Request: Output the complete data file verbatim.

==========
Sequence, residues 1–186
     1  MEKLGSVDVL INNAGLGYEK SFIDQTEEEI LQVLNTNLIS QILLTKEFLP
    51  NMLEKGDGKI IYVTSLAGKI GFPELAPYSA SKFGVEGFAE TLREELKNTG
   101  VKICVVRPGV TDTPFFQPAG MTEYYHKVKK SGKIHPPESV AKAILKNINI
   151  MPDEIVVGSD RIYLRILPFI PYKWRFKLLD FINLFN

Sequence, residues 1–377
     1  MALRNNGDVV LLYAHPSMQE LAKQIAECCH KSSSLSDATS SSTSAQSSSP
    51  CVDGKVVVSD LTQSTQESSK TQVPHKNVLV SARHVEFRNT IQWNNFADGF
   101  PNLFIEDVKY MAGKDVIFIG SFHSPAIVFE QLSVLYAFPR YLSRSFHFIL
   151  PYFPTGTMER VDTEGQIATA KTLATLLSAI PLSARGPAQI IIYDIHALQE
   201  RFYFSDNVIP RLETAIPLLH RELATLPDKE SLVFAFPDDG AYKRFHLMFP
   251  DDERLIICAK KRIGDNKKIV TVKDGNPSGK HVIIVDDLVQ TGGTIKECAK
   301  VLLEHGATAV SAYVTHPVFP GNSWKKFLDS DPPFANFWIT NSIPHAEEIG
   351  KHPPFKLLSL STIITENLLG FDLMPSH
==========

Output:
Sequence, residues 1–186
     1  MEKLGSVDVL INNAGLGYEK SFIDQTEEEI LQVLNTNLIS QILLTKEFLP
    51  NMLEKGDGKI IYVTSLAGKI GFPELAPYSA SKFGVEGFAE TLREELKNTG
   101  VKICVVRPGV TDTPFFQPAG MTEYYHKVKK SGKIHPPESV AKAILKNINI
   151  MPDEIVVGSD RIYLRILPFI PYKWRFKLLD FINLFN

Sequence, residues 1–377
     1  MALRNNGDVV LLYAHPSMQE LAKQIAECCH KSSSLSDATS SSTSAQSSSP
    51  CVDGKVVVSD LTQSTQESSK TQVPHKNVLV SARHVEFRNT IQWNNFADGF
   101  PNLFIEDVKY MAGKDVIFIG SFHSPAIVFE QLSVLYAFPR YLSRSFHFIL
   151  PYFPTGTMER VDTEGQIATA KTLATLLSAI PLSARGPAQI IIYDIHALQE
   201  RFYFSDNVIP RLETAIPLLH RELATLPDKE SLVFAFPDDG AYKRFHLMFP
   251  DDERLIICAK KRIGDNKKIV TVKDGNPSGK HVIIVDDLVQ TGGTIKECAK
   301  VLLEHGATAV SAYVTHPVFP GNSWKKFLDS DPPFANFWIT NSIPHAEEIG
   351  KHPPFKLLSL STIITENLLG FDLMPSH